In a polarised society we’re expected to be staunchly for or against one side.
Last year it was Brexit. Were you a Remainer or a Leaver? Your decision may have cost you popularity with family and friends.
Most people vote Labour or Conservative and those sides can rarely be friends. So, what are those of us who are perpetually undecided to do? The back and forth of political discourse does not leave room for a substantial grey area.
Growing up, I have rarely been able to stick to one or the other. Even when I have believed I have discovered the truth and the evidence seems undeniable, something comes along to shatter that notion.
I have gone through life unable to see black or white: my vision filled with grey.
Even suffering and pain sometimes seems to have had a good effect: it has built character, prevented the suffering of others or given a person a new lease of life.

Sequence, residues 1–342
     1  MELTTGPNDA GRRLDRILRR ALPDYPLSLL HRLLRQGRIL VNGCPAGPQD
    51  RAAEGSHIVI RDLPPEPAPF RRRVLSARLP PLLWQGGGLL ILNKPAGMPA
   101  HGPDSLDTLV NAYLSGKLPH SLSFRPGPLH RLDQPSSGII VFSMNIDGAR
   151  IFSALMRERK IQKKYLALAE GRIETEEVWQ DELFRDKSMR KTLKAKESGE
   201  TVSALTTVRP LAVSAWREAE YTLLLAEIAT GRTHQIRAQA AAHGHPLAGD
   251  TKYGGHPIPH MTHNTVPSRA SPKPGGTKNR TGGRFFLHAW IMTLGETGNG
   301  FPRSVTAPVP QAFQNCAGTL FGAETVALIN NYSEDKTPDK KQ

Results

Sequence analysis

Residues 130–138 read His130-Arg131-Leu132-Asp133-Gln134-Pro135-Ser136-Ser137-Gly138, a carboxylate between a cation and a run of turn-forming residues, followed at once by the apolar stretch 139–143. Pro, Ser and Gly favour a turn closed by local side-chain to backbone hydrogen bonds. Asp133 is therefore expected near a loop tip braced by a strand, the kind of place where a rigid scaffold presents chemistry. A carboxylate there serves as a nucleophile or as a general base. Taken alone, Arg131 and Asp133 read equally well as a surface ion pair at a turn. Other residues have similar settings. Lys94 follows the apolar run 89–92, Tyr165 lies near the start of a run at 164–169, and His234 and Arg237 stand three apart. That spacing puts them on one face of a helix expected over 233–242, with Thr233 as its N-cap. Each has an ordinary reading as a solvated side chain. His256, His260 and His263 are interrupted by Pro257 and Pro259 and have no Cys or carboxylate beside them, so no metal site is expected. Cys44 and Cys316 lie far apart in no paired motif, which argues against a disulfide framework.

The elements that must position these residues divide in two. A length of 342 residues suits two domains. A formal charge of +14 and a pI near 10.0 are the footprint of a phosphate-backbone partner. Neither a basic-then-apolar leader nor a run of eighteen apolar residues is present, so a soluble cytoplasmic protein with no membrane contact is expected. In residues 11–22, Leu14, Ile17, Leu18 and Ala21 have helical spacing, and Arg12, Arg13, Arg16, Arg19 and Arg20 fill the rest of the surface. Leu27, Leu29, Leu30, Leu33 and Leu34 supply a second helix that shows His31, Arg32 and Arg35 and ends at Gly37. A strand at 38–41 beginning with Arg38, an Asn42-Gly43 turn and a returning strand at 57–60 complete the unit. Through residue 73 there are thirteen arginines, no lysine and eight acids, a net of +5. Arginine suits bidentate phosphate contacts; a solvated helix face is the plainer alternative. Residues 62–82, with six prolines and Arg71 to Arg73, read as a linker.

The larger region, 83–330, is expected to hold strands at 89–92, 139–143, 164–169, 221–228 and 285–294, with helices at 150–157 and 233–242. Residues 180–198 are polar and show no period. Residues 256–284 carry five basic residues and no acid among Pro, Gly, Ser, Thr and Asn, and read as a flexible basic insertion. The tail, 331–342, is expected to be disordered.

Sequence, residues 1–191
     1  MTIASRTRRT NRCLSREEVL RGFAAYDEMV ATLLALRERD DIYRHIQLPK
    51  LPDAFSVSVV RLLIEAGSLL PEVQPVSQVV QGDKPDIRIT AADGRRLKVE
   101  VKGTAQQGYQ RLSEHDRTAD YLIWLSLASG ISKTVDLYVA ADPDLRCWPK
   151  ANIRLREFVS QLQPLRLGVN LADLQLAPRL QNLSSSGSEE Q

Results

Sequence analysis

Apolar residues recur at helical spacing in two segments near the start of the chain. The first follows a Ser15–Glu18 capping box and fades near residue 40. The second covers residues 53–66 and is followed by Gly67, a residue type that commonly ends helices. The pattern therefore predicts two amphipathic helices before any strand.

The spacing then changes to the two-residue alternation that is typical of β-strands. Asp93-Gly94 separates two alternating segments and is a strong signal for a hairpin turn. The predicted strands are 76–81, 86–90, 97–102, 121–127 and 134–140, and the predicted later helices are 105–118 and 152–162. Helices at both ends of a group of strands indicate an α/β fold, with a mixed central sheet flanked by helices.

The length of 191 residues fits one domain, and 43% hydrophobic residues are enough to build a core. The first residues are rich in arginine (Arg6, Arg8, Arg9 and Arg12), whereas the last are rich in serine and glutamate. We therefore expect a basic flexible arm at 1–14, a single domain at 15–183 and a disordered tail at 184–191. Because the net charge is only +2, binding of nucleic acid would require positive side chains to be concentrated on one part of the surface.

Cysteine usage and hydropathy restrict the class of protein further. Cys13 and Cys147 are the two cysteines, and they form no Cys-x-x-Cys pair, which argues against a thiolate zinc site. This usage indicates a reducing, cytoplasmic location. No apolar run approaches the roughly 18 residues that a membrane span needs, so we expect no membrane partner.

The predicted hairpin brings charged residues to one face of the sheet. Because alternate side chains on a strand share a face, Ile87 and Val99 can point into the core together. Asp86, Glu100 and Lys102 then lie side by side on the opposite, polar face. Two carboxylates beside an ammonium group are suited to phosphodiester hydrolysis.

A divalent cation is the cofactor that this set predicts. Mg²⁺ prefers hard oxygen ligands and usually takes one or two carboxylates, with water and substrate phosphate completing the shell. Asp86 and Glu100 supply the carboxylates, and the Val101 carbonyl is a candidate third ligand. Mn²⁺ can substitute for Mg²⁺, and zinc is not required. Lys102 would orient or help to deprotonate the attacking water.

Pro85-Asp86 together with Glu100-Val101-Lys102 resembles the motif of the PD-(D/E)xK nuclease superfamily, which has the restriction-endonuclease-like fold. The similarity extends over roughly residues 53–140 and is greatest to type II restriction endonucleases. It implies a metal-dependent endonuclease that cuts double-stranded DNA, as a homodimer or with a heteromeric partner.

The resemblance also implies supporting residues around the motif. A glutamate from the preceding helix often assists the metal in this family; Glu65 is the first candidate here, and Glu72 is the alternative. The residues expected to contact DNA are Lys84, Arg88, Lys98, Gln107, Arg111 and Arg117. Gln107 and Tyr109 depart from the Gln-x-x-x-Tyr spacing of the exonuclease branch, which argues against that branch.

Each new piece of information compounds the cacophony of positions in the world and I despair because I know as the eternal fence-sitter, I will not fall on either side.
Yet despite not being able to always root for the same team, this has its advantages. No matter which position someone argues, I am able to take the opposite view and I get pleasure from that.
However, I’m not immune to propaganda, unable to remain married to an idea for which there is conflicting evidence or fact.
The worst aspect of being undecided? Inaction becomes a statement of its own. While I swing between views, others simply go and do – it is too easy to disengage from issues, or ignore them entirely.
It is not enough to play devil’s advocate. Though undecided, we must ensure steps are taken in the direction in which there is the most probable positive outcome.
• Student Shout is a weekly column by journalism students at Highbury College.